As we celebrate International Women’s Day, let’s pay tribute to the great women who blazed the trails so the rest of us could fly.
Aida de Acosta Root Breckinridge (1884 – 1962) was the first woman to fly a powered aircraft solo, piloting a dirigible airship in 1903, when she was 19 years old and after just three lessons. Her horrified parents hushed up her achievement for fear that no man would want to marry a woman who had done such a thing — the story came out when Aida recounted it to her husband decades later.
Raymonde de Laroche (1882 – 1919) was the first woman to earn a pilot’s licence; and possibly the first woman to fly a plane. She was issued license #36 by the Fédération Aéronotique Internationale in 1910, beginning her career in aviation. On July 18, 1919, she was killed in a crash of an experimental aircraft on which she was a co-pilot.
Lilian Bland (1878 – 1971), an Anglo-Irish journalist and aviator, may have been the first woman in the world to design, build and fly an aircraft. Born in England, Lilian was a sports and photojournalist whose interest in aircraft was sparked by a postcard an uncle had sent her. Inspired by the Wright brothers, she built the Bland Mayfly in 1910, the first powered biplane in Ireland.
Mary Bailey (1890 – 1960), was a born daredevil who came from an aristocratic family; she was speeding in cars and motorbikes at a time when it wasn’t common to see women behind the wheel. During World War I, she volunteered as an aviation mechanic with the Royal Air Corps, and earned her own pilot’s licence in 1927. She quickly set about making records: Mary became the first woman to fly across the Irish Sea, and she also set an altitude record in light aircraft the same year she got her licence. Throughout her flying career, she won many trophies, and also became the first female pilot to be certified for “blind flying” (flying using instruments alone).
Florence Lowe “Pancho” Barnes (1901 – 1975) was a pioneer aviator and a founder of the first movie stunt pilots’ union. She also broke Amelia Earhart’s speed record at the Women’s Air Derby in 1930.
Mildred Mary Petre (also known as Mrs. Victor Bruce, 1895 – 1990) was the first woman to fly around the world alone, taking off from London in September 1930 and arriving there again in February 1931. To accomplish this feat, she piloted a Gipsy Moth called Bluebird eastward through Europe, using ships to cross oceans before flying again across Asia, North America and then back to Europe. She also holds the distinction of being the first woman to be prosecuted for speeding, picking up many citations in her first car, an Enfield-Allday, in the 1920s.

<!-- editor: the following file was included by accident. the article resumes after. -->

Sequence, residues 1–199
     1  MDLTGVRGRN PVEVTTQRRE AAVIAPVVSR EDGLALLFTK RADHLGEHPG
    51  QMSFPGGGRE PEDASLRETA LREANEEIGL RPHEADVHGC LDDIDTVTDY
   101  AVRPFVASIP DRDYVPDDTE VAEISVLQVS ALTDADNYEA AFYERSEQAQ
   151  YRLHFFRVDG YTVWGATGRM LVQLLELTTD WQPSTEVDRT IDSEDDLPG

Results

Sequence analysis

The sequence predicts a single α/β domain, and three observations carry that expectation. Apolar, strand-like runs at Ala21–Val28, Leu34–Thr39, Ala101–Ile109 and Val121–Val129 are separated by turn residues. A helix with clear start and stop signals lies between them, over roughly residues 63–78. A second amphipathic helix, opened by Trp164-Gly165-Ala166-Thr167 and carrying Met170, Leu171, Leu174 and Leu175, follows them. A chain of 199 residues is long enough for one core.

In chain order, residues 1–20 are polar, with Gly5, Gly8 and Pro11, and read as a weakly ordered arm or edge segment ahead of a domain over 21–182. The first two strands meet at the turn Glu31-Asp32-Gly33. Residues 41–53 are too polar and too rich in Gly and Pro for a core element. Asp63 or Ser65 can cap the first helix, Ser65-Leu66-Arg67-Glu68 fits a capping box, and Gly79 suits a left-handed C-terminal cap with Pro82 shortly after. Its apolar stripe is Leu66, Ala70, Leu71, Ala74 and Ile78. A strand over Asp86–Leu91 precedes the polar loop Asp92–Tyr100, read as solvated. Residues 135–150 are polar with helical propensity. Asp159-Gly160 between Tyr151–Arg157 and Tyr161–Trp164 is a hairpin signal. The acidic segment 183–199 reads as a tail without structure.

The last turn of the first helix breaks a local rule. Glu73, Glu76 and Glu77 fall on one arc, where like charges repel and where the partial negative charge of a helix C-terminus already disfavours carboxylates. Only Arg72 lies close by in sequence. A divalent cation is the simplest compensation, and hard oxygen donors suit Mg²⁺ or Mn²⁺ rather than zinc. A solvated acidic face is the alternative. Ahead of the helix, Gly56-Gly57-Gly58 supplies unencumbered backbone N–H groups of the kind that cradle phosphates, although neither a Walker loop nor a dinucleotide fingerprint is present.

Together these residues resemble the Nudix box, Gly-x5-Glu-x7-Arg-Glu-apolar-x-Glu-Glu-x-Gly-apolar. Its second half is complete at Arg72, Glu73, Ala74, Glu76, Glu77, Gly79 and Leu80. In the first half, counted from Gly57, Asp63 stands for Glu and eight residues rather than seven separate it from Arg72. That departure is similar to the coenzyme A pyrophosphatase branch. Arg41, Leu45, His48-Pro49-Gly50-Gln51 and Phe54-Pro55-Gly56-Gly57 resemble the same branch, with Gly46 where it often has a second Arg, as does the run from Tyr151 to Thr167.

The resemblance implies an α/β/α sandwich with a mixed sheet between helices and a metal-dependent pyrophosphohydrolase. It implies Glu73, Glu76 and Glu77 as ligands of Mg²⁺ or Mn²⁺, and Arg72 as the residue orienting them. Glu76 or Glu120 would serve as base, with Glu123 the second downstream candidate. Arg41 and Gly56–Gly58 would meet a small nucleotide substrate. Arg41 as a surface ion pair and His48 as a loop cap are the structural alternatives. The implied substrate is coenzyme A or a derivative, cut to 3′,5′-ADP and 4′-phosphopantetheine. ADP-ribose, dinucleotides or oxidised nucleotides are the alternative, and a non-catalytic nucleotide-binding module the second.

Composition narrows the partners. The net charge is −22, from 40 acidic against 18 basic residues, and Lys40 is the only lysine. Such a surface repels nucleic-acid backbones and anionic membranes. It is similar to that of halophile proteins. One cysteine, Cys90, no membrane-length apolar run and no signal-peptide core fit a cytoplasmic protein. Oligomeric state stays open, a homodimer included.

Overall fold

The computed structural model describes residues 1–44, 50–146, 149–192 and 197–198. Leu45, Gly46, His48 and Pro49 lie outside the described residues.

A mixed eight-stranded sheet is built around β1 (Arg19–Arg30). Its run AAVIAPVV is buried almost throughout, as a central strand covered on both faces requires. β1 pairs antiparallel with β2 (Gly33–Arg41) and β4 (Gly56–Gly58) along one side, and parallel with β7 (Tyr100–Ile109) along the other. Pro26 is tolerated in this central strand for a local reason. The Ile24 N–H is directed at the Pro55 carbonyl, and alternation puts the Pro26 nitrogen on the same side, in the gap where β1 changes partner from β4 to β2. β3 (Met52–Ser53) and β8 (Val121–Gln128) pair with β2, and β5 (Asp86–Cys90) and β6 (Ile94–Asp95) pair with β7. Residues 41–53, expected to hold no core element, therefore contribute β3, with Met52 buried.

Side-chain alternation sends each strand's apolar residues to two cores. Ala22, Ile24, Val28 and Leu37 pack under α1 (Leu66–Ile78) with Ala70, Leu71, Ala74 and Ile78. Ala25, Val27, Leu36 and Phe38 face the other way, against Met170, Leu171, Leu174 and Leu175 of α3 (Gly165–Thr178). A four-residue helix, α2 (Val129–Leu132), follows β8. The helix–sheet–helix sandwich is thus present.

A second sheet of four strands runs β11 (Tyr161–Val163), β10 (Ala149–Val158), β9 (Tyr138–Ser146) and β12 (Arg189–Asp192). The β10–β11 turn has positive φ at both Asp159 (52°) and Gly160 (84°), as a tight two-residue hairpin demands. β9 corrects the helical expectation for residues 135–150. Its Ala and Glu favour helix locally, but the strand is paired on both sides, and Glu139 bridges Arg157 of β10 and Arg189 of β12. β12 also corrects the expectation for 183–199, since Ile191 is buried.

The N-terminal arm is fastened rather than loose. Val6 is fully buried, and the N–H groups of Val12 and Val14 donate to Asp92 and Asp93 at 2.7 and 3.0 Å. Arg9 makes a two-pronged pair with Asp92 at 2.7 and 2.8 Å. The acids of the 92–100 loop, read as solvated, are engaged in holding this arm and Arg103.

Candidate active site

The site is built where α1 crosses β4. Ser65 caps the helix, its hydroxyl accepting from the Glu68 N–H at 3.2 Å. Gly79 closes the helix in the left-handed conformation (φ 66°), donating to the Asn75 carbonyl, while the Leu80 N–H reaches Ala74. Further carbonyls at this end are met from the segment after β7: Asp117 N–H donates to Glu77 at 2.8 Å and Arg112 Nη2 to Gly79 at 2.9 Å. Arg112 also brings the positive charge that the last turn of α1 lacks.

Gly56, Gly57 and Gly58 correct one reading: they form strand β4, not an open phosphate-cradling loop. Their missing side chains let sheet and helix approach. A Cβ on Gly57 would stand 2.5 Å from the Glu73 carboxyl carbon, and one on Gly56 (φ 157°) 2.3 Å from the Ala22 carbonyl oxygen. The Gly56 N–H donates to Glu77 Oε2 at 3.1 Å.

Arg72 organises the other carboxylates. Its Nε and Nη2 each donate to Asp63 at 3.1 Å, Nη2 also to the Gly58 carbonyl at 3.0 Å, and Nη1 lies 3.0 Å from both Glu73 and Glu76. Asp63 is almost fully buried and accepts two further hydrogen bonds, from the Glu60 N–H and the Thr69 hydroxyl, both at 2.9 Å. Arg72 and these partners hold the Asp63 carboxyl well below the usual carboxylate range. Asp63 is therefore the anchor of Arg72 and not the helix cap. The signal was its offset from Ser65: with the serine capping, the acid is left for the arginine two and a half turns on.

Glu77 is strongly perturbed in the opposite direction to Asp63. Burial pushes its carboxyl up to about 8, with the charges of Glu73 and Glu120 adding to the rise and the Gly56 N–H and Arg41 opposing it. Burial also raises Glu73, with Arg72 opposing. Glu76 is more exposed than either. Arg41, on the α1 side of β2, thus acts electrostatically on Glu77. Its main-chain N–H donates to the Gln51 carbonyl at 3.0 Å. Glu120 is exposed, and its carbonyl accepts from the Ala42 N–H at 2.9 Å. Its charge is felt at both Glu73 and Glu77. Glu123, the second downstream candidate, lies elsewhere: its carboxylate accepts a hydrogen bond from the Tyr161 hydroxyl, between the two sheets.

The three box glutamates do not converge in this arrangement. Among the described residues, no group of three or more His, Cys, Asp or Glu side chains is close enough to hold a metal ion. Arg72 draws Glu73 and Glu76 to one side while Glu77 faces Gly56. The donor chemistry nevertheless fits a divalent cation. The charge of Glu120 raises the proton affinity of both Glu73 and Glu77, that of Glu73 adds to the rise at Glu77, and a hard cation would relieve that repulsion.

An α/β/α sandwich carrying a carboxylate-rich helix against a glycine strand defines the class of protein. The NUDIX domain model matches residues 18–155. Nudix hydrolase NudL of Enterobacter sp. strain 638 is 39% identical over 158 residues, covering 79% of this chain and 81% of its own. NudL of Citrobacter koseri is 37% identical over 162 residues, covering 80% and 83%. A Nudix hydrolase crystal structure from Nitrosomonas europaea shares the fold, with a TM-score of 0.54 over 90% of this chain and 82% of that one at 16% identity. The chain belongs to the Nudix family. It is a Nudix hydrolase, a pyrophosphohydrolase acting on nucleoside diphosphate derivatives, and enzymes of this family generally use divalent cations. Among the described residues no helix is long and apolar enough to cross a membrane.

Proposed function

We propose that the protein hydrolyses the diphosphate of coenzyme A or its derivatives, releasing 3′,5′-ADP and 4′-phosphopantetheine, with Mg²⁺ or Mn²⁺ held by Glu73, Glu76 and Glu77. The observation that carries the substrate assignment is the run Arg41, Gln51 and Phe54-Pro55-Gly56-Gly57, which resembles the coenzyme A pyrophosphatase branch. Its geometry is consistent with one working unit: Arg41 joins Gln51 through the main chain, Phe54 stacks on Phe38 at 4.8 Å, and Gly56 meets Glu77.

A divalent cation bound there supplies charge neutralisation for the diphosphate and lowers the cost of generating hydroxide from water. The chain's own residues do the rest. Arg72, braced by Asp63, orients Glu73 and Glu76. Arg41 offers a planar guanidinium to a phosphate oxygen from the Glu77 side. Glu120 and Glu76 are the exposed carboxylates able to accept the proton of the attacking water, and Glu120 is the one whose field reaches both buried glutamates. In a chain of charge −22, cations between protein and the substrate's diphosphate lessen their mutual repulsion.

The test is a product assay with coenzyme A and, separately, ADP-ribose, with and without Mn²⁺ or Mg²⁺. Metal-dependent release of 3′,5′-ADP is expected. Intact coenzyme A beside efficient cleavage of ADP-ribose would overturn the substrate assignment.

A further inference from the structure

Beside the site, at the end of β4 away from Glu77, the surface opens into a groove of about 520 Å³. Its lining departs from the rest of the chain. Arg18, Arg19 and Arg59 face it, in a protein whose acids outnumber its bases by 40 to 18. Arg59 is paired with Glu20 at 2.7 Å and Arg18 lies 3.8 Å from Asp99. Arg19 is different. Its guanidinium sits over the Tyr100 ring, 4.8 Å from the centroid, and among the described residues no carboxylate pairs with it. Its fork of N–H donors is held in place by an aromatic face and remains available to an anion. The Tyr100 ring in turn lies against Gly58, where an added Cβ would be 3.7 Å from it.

Jacqueline Cochran (1906 – 1980) was the first woman to break the sound barrier, which she did in a jet aircraft on 18 May, 1953, at age 47. She was also the head of the US Women Airforce Service Pilots (WASP), leading about a thousand civilian pilots who served in non-combat roles — testing aircraft, ferrying planes, and training other pilots. As one of the most prominent racing pilots of her generation, she broke many records and set many firsts: she was the first female bomber pilot to fly across the North Atlantic in 1941; the first woman to land and take off from an aircraft carrier, and later to fly a jet aircraft on a transatlantic flight; the first female pilot to land using instruments alone; the only woman ever to be president of the Fédération Aéronautique Internationale (1958–1961); the first woman to fly a fixed-wing jet aircraft across the Atlantic; the first pilot to fly above 20,000 feet with an oxygen mask; and the first woman to enter the Bendix Transcontinental Race. She still holds more distance and speed records than any pilot living or dead, male or female.
Eileen Marie Collins (born 1956) was the first female pilot and first female commander of a Space Shuttle, logging 38 days, 8 hours, 20 minutes in outer space. Eileen was selected as an astronaut in 1990, and first piloted the Space Shuttle Discovery in 1995. She commanded the STS-114 NASA mission to resupply the International Space Station in 2005 — during which she also became the first astronaut to fly the Space Shuttle through a complete 360-degree pitch maneauver.
Jessica Cox (born 1983) is the world’s first licensed pilot who was born without arms, due to a rare birth defect. Earning her licence in 2008, the half-Filipino pilot uses her legs at the controls. She is also a disability rights advocate and motivational speaker who has traveled to the Philippines on humanitarian missions (notably to raise funds for Guiuan, Samar, in the wake of Typhoon Yolanda).
Brooke Castillo (born 1970) is the Philippines’ first female commercial jet captain. Before she earned the rank, she was already the country’s first female commercial jet pilot, earning the distinction in 1996. After joining Cebu Pacific, she became the first woman to captain a commercial jet in 2003.
This article first appeared in the March 2020 issue of Smile magazine.